On first read I thought this was another parody violation of OK's mock TOS. But on quick reflection, it's actually just another in an even longer line of genuinely obnoxious comments.
11.29.2008 9:58pm
Edmund in Tokyo (mail) (www):
While we're on the subject, I hope everybody's remembered to file the appropriate legal affidavit if they've ever visited Instapundit:

http://pajamasmedia.com/instapundit/terms-of-use/
11.30.2008 5:36am
TokyoTom (mail):
Orin, didn`t you mean to add that, if anyone violates the Terms of Use and it comes to your attention, you will be emotionally distressed?
11.30.2008 9:20am
ReaderY:
It should be noted that the jury didn't convict on any of the charges that involved intent to harm another. It only convict on unauthorized use. Since there was a reasonable doubt that Mrs. Drew intended to cause harm, this case doesn't involve that element. It just involves violation of terms of use. That's why Professor Kerr's intentionally rediculous terms of use are more applicable to this situation than it might seem at first glance.
11.30.2008 9:38am
ReaderY:
It would seem the rule of lenity would favor Drew.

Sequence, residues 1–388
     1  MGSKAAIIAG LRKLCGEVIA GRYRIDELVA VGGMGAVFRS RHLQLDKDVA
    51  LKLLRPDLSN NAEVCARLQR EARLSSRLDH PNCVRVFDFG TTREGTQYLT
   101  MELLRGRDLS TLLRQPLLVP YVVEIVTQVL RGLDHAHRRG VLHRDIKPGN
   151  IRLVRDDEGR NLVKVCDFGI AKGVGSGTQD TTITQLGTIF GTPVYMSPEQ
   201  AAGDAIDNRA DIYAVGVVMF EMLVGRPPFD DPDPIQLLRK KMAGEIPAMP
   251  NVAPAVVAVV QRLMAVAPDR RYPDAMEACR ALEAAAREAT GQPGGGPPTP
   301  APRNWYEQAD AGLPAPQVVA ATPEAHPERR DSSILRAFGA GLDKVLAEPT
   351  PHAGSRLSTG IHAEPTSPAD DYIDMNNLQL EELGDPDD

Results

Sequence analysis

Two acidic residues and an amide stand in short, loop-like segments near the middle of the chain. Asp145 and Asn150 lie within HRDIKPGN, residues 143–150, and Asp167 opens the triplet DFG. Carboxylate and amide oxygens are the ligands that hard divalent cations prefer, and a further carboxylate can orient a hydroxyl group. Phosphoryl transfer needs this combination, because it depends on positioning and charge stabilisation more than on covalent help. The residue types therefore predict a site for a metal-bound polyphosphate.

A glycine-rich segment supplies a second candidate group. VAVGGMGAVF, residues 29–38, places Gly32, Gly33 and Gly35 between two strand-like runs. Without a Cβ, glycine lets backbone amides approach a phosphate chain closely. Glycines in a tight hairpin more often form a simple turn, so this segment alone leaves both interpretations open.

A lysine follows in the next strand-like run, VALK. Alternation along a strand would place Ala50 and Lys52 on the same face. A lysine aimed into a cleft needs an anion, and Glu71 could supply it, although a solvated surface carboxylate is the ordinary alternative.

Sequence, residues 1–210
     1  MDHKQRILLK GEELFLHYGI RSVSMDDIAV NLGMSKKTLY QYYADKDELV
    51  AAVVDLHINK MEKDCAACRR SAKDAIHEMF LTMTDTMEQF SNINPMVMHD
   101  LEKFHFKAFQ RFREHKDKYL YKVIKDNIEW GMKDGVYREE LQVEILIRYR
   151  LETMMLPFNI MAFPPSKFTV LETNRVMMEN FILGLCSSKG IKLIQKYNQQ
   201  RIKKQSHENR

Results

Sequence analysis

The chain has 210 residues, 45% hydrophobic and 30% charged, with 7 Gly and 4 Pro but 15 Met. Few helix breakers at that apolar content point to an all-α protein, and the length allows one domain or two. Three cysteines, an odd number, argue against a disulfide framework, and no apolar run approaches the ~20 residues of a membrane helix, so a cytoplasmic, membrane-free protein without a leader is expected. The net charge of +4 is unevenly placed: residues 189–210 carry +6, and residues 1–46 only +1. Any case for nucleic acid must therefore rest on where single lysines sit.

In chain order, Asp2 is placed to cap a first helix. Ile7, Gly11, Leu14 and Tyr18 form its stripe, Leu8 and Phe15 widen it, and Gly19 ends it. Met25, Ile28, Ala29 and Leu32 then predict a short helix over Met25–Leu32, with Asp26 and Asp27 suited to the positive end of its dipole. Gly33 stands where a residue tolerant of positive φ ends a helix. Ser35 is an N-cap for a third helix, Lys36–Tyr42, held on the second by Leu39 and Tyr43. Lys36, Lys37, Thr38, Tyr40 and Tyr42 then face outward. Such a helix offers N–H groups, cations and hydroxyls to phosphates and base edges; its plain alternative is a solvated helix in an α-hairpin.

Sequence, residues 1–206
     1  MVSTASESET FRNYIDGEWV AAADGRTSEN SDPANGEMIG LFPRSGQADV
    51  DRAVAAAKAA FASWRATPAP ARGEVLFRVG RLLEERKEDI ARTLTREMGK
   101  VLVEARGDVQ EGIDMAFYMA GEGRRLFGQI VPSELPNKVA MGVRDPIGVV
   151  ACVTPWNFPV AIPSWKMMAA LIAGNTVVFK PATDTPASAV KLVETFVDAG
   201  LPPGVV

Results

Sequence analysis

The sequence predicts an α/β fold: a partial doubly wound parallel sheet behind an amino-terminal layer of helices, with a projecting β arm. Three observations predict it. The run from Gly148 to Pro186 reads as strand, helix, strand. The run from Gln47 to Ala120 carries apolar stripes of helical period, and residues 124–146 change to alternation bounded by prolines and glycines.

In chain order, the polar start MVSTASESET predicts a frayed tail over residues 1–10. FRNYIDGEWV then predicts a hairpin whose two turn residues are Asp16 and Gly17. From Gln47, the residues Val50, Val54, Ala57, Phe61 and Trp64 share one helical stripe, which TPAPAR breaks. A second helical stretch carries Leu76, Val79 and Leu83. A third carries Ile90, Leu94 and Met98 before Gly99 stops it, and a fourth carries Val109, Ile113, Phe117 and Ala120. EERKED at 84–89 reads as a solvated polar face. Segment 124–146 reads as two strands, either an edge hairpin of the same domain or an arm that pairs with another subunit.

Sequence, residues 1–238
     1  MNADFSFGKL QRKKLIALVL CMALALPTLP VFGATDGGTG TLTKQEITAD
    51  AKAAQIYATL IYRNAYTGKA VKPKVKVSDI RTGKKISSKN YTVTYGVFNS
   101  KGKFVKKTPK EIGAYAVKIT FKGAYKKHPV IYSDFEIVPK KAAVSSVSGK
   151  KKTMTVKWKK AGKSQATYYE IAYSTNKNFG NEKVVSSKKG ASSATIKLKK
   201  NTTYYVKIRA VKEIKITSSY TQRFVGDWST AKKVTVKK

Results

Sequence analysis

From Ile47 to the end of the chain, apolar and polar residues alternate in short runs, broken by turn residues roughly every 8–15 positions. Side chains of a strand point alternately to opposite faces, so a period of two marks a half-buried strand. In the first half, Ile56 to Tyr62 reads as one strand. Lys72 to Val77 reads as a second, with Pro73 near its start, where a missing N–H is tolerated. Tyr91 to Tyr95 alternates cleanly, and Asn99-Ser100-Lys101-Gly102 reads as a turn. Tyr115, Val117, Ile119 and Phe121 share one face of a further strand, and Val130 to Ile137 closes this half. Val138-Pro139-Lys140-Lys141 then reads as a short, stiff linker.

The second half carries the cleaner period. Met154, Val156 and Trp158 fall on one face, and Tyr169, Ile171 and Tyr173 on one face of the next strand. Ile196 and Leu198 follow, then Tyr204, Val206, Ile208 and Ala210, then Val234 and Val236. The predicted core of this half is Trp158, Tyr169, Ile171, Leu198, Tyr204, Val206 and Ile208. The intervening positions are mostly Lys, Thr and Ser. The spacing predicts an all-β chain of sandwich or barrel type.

In addition, I honestly don't understand how a void-for-vagueness challenge can be avoided absent proof of notice. The law presumes that people know the law without having to have any specific notice. But this presumption doesn't apply to a private party's private terms. Perhaps the law could require that terms published in a specific location and manner, but this law doesn't seem to do that.

Criminal trespass requires proof of specific notice.
11.30.2008 10:10am
Postmaster Ralph from Alaska:
F. U.
11.30.2008 10:38am
Guest102:
This case seems to cause me more questions every day.

The servers and system in question in the Drew case are owned and operated solely by Myspace. Am I to understand that Myspace recognized the violation of the ToS, approached the AUSA and swore out a criminal complaint against Drew for gaining unauthorized access to their system?

Or, did the AUSA devise the charges, put the prosecution into motion, approach Myspace with the previously unknown concept of prosecuting a ToS violation and convince Myspace it was in their best interests to cooperate?